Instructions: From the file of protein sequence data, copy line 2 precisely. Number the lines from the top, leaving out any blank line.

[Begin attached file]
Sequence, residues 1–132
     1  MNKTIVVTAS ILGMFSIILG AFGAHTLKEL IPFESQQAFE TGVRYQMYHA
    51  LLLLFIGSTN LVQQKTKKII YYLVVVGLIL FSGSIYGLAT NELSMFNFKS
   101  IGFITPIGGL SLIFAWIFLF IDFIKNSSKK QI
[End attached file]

     1  MNKTIVVTAS ILGMFSIILG AFGAHTLKEL IPFESQQAFE TGVRYQMYHA